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Did you feel that shaking just now? Some folks did

A map shows the location of Friday's earthquake.
A map shows the location of Friday's earthquake. Courtesy to The Bellingham Herald

A minor earthquake hit a Canadian island across the Strait of Georgia from Bellingham on Friday morning, officials reported.

There were no immediate reports of damage.

"I wondered what that was!" said Jessica Lynn Prudhomme of Bellingham. "Thought I was going crazy. Haven't felt a quake since I lived in Oklahoma."

Suzi Suoderlund of Maple Falls said it felt like "everything settled."

Friday's quake had a preliminary magnitude of 3.3, according to sensors at the Pacific Northwest Seismic Network at the University of Washington. It was measured at 2.9 by the U.S. Geological Survey.

Both agencies later revised magnitude to 3.2.

It struck at 10:09 a.m. Pacific Daylight Time, and was located on Samuel Island in the Gulf Islands — 12.5 miles south-southwest of Point Roberts.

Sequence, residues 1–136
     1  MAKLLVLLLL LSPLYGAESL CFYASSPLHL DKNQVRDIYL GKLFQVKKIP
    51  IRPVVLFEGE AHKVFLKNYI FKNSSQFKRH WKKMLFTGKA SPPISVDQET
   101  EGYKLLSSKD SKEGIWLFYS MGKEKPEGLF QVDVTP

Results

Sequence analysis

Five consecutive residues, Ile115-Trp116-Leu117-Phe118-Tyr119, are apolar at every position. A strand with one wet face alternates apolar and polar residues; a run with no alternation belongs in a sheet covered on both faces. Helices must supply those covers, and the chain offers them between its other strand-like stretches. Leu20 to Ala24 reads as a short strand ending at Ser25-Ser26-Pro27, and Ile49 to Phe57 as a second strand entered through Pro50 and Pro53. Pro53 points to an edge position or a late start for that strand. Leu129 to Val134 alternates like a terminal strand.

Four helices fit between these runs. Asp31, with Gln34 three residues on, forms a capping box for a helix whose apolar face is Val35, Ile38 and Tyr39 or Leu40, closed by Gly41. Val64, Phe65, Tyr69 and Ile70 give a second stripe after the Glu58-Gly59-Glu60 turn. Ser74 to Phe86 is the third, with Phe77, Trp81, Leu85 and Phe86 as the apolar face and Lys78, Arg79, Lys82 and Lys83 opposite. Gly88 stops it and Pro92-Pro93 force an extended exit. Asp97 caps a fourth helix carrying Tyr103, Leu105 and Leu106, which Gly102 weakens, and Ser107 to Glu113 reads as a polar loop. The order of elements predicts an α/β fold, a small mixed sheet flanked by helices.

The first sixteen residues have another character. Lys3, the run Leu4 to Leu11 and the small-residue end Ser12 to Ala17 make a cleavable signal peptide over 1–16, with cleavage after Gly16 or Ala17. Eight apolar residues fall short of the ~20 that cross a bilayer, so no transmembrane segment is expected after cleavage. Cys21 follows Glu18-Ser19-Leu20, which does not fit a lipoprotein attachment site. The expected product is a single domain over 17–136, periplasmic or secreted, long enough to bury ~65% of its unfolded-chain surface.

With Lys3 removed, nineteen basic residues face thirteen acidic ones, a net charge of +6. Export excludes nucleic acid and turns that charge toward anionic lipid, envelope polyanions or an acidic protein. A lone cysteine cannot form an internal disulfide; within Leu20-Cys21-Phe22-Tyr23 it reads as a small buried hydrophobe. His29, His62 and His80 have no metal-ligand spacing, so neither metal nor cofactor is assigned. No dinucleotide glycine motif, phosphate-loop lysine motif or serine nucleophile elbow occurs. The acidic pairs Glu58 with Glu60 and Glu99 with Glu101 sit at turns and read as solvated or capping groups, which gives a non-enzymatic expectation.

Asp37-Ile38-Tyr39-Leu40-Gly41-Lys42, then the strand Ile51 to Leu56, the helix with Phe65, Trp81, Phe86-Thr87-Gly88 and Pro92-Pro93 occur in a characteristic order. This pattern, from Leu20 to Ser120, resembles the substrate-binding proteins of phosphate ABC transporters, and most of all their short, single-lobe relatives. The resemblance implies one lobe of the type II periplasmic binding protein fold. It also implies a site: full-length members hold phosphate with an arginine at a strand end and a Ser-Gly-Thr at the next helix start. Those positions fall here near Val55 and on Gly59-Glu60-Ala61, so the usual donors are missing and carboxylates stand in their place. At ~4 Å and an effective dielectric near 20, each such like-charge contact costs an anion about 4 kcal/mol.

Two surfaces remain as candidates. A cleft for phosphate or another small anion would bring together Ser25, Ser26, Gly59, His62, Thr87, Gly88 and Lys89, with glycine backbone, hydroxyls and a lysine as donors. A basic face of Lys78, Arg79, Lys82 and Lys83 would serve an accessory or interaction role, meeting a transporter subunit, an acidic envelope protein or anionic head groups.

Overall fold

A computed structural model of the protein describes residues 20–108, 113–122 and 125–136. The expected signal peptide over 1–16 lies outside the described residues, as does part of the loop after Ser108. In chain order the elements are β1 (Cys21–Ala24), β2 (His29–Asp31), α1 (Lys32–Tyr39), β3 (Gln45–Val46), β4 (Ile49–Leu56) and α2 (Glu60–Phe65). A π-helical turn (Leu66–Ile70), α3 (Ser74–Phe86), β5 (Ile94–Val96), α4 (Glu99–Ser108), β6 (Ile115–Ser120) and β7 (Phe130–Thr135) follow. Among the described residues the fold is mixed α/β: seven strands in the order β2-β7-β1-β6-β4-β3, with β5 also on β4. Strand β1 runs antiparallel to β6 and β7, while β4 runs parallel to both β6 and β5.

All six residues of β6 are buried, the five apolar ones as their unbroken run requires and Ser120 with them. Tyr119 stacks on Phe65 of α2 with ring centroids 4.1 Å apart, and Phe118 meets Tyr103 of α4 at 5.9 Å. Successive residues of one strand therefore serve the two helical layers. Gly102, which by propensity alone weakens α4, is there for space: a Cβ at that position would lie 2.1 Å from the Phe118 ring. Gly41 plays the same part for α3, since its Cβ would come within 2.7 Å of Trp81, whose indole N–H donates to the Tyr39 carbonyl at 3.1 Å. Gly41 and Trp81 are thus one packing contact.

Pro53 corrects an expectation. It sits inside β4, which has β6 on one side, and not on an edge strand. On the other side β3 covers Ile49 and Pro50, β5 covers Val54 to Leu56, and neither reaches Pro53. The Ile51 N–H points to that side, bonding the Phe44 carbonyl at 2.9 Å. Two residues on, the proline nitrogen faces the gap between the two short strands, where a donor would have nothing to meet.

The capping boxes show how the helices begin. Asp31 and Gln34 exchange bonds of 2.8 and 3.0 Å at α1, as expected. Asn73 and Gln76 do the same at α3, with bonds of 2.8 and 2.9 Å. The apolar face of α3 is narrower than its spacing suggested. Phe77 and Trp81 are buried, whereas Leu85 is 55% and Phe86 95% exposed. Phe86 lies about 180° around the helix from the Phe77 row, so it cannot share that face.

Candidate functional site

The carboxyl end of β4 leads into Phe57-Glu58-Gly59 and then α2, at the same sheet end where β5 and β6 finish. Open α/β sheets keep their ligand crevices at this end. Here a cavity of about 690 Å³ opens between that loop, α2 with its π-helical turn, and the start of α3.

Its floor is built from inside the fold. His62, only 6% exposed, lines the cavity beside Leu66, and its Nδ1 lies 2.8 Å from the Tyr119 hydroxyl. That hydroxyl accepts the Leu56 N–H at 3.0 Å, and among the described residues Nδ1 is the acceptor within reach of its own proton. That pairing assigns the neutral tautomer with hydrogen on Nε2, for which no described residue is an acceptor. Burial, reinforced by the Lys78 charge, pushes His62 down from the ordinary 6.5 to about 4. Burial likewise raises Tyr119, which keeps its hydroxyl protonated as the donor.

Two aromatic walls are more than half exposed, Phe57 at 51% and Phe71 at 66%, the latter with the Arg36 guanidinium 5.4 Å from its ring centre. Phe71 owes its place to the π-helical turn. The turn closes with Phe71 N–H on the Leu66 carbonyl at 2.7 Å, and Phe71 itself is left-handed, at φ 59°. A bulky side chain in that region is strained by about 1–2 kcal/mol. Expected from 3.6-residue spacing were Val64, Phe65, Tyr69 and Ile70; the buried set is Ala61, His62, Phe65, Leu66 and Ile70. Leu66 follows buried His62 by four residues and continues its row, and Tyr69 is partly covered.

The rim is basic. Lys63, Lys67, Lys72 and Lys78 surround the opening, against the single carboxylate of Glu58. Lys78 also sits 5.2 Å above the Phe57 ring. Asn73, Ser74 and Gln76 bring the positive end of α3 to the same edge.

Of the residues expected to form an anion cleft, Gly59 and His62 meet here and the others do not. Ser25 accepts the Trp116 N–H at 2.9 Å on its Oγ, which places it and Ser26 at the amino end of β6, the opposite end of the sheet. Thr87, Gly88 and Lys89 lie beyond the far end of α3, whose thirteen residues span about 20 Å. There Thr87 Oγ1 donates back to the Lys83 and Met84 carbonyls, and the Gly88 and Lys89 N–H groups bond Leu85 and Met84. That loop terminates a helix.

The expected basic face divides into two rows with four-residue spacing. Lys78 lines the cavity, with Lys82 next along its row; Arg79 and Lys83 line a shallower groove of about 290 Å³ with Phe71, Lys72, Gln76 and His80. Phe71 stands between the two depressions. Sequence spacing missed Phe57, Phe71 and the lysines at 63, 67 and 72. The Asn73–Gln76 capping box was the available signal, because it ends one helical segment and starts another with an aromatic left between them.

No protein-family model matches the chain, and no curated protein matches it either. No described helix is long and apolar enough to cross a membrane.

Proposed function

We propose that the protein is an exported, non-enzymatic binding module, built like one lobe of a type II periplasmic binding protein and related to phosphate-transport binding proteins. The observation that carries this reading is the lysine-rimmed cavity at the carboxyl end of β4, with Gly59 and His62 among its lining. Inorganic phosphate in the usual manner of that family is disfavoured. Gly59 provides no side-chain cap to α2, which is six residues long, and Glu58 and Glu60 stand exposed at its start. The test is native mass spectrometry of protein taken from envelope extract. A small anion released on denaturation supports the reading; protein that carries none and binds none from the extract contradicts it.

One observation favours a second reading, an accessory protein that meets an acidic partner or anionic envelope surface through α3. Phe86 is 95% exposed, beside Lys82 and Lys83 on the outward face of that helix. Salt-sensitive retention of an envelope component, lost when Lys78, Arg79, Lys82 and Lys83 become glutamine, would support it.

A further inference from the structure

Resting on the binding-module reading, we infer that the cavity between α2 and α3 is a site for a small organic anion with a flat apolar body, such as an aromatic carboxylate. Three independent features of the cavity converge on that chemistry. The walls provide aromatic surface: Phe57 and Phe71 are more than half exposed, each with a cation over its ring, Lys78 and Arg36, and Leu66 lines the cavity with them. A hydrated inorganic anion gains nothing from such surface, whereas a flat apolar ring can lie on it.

Depth of the shaking was 36 miles.

Earthquakes of magnitude 2.5 to 5.4 are often felt, but generally do little damage, according to the USGS.

Some 30,000 quakes of that size are reported worldwide every year.

As of 11:30 a.m. Friday, some 43 people had reported their quake observations to the USGS Did You Feel It? citizen science page online.

FEMA explains what you should do before an earthquake happens and when it occurs in an animated video called "When The Earth Shakes."

Lacey Shoemaker, disaster program manager for the Northwest Washington Chapter of the American Red Cross, shows off what should be included in an emergency kit Thursday, Feb. 25, 2016, in Bellingham.

The name of the island chain was corrected June 8, 2018.

Robert Mittendorf: 360-756-2805, @BhamMitty
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